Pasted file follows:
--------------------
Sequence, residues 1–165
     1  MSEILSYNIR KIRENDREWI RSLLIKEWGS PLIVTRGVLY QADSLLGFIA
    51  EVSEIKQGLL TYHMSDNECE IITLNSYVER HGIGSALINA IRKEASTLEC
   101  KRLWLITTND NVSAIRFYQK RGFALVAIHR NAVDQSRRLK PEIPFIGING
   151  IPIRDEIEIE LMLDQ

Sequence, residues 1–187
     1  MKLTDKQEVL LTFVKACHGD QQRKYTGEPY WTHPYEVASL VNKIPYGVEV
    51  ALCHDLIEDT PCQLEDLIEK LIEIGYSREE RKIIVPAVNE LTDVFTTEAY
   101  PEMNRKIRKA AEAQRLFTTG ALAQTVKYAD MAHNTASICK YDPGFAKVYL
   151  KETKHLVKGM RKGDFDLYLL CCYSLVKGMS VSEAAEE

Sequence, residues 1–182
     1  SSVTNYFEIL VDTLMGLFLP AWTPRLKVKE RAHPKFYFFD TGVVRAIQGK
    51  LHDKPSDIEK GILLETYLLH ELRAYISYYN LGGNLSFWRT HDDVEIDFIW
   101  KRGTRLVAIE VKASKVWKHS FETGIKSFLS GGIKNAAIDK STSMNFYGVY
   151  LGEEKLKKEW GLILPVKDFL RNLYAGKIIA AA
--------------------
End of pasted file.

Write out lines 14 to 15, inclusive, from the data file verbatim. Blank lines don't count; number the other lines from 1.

   101  KRGTRLVAIE VKASKVWKHS FETGIKSFLS GGIKNAAIDK STSMNFYGVY
   151  LGEEKLKKEW GLILPVKDFL RNLYAGKIIA AA